The gridiron street-avenue circulation system of Manhattan has been repeatedly cited as a paradigm for the general plan layout of many types of building complexes, especially universities. Manhattan's layout as a guiding precedent is apparent in the medical faculty's east-west street pattern which intersects the avenue-like mega-corridors of the hospital. In the words of the architects, the hospital was with its service towers and. at different levels, green courtyards, 'nothing less than a mini-town .. . being blueprinted, even if it was a somewhat specialized one.' Within this overwhelming structure, a gigantic global organization was to be housed, "everything in any way relevant to the process of regaining health under a single roof. Assembling under the same roof a large number of apparatuses and services had obvious benefits of accessibility and what managers call economies of scale. But the architect also had other reasons in mind. Fitting such a diversity of specialists and technicians under a common shelter was intended, for reasons beyond efficiency and effectiveness, to create a sense of common purpose and solidarity through the use of a complete transparency of means for total awareness of the 'intercom nected factors involved in restoring health.

Its Manhattan-like organization allowed the project to be flexible and open to growth h stages. Thus, consistent with the ideas of the British Archigram group, and in many respects resembling the Piano and Rogers Pompidoj Centre (pp. 84-89 - the Aachen hospital*as in fact conceived shortly before), the project exposes its mechanical and structure systems 'deliberately and shamelessly'. Co< our is also used to foreground their identity and there is no overwhelming framework inside which all these diverse contraptions are inscribed, other than the grid. As a result, its individual components are free of any formal« tic presuppositions. Given, however, iheejpb sion of new technological, electronic means of information processing, of simulation ao3 uses of artificial intelligence, one wonders e the very technology which created this efficiert and sublime cathedral of health will not soo^ make it obsolete in its gigantism by relocating much of it onto the family doctor's desk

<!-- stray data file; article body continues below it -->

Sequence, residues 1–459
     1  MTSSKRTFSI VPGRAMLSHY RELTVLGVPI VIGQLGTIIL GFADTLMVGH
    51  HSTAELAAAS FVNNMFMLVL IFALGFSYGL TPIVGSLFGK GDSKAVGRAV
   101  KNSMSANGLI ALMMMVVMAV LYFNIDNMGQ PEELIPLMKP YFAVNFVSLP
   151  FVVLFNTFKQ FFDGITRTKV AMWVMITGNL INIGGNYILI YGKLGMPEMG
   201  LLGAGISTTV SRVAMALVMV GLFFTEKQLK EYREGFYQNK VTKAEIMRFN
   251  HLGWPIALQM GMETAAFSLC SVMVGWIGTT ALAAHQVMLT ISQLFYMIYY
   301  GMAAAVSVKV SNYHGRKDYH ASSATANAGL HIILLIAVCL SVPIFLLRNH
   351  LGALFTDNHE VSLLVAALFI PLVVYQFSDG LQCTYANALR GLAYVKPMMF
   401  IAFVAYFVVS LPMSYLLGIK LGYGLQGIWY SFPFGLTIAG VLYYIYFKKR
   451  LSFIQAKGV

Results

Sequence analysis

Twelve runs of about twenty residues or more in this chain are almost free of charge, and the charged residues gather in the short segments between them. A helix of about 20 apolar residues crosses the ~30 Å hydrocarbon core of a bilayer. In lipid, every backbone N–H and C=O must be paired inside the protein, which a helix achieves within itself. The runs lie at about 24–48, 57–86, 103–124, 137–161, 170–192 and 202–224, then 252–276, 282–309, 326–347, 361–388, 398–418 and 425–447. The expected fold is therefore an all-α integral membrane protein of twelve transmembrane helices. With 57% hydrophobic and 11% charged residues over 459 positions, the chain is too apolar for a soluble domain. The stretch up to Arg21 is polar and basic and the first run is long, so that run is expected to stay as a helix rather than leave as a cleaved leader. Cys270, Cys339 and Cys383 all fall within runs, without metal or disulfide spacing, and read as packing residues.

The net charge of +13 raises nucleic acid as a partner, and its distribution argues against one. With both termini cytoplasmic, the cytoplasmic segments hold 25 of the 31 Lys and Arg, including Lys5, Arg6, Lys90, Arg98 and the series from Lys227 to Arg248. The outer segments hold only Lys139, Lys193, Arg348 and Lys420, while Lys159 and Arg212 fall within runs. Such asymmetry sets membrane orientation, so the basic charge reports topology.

Opposite) Perspective soction showing construction and services of the New Medical Faculty of the Technical University of Aachen ifelow) Isomotric drawing of the building and

Its interior

Right) The facade at the rear of the building

Opposite) Perspective soction showing construction and services of the New Medical Faculty of the Technical University of Aachen ifelow) Isomotric drawing of the building and

Its interior

Right) The facade at the rear of the building

Adrien Fainsilber

CITÉ DES SCIENCES ET DE L'INDUSTRIE, PARC DE LA VILLETTE

(Paris. France) 1980-86

Like the New Medical Faculty of the Technical University of Aachen by Weber. 8randt and Partners (1968-86. pp. 168-71), the Cite des Sciences et de I'lndustrie manifests the megaphiliac and technophiliac as well as universalist spirit of the 1960s, bent on assembling everything under one roof. And as in the case of Piano and Rogers" Centre Pompidou (1971-77. pp. 84-89). the global nature of its programme, the size of the structure and the lack of formalist pre-concep-tions create a festive, circus like mood. Yet neither overcrowding nor the roar that accompanies its holiday atmosphere prevent this building from fulfilling its aim: the communication of the Joy to be derived from science, technology and invention.

The largest science museum in the world, it occupies an area of 165.000 square metres. A permanent exhibition area covers 40.000 square metres. To accommodate the many activities it hosts, it has a convention centre with a main auditorium for 1000. a multimedia library, temporary exhibition spaces, a 'discovery' area for children's science clubs, restaurants, and so on.

The museum building reused a large auction hall (270 metres long by 110 metres wide) which had been begun on the site in the 1960s and never completed. This was accomplished by removing existing construction elements from the original building structure, which consisted of 20 hollow, concrete towers, each 40 metres high, until their foundations 13 metres below ground level were exposed. As a result, the entire facade now receives daylight. Similarly, the 16 steel trusses, with a 65-metre span, have been exposed and painted deep cobalt blue, to contrast with the granite-clad concrete towers.

The museum's objective of celebrating technology within Its walls Is furthered by the building itself. Three aspects contribute significantly to this: the natural lighting devices: the bio-climatic greenhouses: and the mirroring surface of the G6odc globe.